Churches face some unique challenges. The typical marketing methods just aren’t enough. Word-of-mouth marketing and follow-up communication are extremely important. Much of the marketing your church does will be offline and even in person. It takes a lot of resources—people, time, and money.

And marketing budgets in churches are usually modest. Some megachurches have full time staff to create and manage websites, social media, and other marketing initiatives. But most churches don’t have that luxury.

Creating a strong and unique brand is also difficult for most churches. Have you ever searched for “First Baptist Church” or “Community Church”? There are millions of results! You might even have the same name as other churches in your county.

So what can you do to overcome these challenges?

  • Settle in for the long haul. Realize that you’re not just going to put up a website, draw a thousand people, and be done. Church marketing is a continual process.
  • Utilize the outlets that will give you free or inexpensive coverage. Outside of advertisements, the only cost in social media is time. Also, look for special discounts and programs for nonprofits.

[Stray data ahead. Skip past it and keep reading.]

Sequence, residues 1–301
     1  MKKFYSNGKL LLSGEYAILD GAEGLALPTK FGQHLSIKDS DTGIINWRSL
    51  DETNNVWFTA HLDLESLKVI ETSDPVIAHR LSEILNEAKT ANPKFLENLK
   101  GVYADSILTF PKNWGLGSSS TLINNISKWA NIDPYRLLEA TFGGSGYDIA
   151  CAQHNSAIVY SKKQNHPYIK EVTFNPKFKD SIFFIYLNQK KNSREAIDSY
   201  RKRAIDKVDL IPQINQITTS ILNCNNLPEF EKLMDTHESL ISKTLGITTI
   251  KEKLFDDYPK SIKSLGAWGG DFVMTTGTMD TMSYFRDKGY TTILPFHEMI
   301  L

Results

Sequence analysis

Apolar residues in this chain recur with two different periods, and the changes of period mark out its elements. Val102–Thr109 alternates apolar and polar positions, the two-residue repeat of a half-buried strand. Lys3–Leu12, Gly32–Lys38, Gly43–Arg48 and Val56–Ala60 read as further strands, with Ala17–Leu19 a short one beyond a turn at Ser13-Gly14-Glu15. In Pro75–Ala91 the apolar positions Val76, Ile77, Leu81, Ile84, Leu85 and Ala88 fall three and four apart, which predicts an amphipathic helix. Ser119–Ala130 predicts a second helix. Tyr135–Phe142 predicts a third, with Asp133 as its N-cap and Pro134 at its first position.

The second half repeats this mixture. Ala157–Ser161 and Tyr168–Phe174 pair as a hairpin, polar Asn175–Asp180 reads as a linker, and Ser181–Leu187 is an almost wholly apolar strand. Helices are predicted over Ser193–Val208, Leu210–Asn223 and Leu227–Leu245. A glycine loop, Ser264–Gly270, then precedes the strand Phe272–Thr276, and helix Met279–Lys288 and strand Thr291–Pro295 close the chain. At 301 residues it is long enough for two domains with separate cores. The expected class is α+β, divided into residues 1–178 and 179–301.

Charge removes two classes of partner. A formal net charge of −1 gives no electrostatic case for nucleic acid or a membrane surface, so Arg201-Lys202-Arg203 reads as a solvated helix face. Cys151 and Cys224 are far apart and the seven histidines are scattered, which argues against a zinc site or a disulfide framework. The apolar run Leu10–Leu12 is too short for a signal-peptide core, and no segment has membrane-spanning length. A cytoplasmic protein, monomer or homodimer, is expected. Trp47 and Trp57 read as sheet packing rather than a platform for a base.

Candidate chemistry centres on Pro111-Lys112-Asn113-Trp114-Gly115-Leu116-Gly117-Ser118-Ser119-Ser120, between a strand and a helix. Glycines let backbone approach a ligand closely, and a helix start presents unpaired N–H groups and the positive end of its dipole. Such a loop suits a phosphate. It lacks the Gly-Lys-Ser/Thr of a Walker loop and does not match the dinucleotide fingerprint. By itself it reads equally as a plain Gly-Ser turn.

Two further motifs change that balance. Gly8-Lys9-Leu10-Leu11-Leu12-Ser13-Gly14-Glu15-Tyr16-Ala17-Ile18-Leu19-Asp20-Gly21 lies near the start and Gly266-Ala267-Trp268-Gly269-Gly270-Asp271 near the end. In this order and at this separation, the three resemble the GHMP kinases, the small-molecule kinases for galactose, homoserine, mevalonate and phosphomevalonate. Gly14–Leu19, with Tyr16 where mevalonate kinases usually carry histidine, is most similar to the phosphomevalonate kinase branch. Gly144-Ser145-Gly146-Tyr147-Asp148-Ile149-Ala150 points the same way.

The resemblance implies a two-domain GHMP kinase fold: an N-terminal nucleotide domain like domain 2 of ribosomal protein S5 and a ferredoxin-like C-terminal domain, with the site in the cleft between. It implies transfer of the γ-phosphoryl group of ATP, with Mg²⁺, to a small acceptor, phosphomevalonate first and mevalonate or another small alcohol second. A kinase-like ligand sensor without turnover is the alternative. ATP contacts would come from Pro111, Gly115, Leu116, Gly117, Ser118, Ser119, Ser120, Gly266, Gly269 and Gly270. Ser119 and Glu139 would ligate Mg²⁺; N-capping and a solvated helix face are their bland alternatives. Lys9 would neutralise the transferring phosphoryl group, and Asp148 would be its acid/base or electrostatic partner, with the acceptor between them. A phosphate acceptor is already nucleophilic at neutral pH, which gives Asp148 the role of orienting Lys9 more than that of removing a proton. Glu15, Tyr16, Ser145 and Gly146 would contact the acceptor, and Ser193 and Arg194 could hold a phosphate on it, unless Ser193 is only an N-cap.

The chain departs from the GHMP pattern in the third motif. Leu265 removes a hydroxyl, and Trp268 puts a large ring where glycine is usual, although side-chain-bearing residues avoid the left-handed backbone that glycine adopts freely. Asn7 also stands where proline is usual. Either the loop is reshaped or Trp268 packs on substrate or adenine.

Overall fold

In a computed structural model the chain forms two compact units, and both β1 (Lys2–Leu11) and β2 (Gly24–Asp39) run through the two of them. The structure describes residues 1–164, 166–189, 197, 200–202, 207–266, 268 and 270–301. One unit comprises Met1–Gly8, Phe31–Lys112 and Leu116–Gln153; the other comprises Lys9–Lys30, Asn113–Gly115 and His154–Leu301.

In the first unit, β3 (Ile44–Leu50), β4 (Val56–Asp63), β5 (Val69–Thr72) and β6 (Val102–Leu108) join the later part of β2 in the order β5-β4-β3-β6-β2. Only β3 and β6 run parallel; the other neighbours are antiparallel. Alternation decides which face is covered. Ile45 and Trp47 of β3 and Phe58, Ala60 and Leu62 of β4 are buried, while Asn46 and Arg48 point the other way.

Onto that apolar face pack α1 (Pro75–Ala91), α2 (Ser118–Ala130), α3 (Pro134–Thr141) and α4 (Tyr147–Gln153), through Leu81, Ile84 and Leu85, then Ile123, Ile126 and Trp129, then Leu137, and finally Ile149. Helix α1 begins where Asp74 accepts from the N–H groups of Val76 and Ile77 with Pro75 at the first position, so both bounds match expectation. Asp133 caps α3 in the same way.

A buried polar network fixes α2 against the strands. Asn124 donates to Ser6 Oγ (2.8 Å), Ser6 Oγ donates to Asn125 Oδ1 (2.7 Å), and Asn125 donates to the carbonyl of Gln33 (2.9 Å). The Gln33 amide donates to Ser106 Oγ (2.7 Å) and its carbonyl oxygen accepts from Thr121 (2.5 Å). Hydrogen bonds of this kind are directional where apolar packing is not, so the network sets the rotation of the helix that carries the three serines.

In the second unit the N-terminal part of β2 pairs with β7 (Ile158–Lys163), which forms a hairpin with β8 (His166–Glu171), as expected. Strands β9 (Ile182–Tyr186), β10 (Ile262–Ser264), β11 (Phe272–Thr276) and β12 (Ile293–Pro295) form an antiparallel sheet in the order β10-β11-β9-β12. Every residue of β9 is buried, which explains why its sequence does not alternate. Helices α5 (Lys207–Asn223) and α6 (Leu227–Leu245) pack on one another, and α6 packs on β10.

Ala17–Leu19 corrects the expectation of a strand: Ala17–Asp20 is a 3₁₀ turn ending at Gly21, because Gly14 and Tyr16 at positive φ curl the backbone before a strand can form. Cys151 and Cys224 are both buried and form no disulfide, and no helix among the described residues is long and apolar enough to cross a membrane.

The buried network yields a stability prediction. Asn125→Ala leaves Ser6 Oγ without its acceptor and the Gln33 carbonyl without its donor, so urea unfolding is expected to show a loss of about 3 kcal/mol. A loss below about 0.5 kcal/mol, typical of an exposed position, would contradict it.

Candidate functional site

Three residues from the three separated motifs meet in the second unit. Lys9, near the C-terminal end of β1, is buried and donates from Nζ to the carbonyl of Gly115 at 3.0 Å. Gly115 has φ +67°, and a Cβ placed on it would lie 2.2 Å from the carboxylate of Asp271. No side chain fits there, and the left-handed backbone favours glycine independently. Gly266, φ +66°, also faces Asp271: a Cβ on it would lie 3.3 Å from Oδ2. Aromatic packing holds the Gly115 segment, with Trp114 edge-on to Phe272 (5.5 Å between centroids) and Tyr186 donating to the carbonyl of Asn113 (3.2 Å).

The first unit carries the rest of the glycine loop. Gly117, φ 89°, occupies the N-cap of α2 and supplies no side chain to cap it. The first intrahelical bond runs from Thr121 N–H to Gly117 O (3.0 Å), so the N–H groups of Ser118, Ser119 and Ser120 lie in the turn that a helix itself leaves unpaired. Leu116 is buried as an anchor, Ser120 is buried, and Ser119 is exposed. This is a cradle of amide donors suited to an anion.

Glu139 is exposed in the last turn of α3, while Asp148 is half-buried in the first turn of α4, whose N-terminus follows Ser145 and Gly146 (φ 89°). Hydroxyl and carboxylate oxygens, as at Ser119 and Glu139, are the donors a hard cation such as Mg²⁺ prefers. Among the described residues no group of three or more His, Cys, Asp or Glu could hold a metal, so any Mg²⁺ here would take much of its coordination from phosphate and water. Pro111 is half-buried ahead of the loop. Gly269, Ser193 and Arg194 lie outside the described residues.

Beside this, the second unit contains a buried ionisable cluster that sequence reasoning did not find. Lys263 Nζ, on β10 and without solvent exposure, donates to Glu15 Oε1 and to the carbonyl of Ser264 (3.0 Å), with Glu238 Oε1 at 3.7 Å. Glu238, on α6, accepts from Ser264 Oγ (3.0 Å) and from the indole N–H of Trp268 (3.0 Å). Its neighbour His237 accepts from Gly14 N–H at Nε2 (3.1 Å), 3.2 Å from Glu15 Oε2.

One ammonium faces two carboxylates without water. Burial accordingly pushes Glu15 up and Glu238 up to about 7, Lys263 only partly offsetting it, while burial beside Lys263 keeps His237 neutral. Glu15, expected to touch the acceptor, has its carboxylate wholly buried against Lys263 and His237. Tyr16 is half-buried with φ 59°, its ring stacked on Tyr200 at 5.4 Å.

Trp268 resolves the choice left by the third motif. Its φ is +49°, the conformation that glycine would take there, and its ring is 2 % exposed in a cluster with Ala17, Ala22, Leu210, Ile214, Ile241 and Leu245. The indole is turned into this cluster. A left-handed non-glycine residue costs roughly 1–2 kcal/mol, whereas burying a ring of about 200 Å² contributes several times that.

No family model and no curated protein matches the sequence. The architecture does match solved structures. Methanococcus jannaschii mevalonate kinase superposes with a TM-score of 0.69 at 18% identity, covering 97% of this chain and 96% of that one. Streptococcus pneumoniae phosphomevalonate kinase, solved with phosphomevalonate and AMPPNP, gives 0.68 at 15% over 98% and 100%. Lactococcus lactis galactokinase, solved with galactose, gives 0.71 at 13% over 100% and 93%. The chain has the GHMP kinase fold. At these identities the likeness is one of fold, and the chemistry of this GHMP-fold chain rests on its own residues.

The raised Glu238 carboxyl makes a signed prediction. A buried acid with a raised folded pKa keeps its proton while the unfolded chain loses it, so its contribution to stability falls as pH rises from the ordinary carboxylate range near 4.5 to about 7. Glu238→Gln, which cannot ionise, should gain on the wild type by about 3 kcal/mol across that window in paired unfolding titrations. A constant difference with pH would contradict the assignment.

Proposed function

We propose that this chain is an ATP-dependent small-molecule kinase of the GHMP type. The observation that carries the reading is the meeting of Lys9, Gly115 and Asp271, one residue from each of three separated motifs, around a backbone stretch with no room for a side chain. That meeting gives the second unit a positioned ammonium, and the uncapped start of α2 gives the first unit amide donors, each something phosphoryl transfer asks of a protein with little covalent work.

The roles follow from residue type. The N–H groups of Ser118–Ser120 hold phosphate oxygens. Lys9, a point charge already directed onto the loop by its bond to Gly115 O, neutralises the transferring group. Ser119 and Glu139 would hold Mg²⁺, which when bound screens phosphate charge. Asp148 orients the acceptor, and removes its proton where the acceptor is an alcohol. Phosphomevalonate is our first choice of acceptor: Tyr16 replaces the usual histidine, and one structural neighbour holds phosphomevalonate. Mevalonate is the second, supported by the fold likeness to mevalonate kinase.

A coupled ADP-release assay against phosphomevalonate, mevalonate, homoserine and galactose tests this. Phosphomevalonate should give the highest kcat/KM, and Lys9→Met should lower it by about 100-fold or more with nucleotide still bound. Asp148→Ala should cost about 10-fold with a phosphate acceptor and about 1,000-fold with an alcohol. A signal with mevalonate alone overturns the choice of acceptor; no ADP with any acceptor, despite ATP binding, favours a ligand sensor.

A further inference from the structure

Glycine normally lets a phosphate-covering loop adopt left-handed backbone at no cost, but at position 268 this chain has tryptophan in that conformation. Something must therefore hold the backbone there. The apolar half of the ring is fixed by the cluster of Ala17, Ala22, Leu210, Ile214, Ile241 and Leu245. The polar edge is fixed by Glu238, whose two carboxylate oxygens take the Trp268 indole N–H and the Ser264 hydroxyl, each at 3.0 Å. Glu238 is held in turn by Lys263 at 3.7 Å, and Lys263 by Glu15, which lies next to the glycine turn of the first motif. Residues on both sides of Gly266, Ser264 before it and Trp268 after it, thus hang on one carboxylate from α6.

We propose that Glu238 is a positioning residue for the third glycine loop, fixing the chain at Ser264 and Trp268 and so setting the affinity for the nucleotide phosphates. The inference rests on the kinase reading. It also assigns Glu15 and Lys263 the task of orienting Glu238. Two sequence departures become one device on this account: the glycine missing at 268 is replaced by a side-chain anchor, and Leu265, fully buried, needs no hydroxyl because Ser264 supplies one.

• Recruit volunteers. You probably have a marketing whiz or graphic designer in your church. Ask members with these gifts to help you keep things current.
  • Keep track of what’s working and what isn’t. According to the Center for Church Communication, 76% of churches don’t track their marketing efforts. Measuring the success of your marketing tactics and adjusting accordingly will help you be a wise steward.
  • Invest in some professional help for the tough items. You don’t need to break the budget, but working with an experienced company could save your church from making mistakes. For example, Google “churches in Dallas.” If you’re located in a church-heavy area, people may never discover you among all the others. A marketing company can help you fix that. After all, you probably don’t have time to master SEO.
  • Connect with other churches to strategize and gain insight. Find community in organizations like Church Marketing Sucks, where communicators are working toward a common goal.

Remember, each church is different, and there’s no one marketing strategy you need to follow. But we can all agree to stop it with the corny signs, right?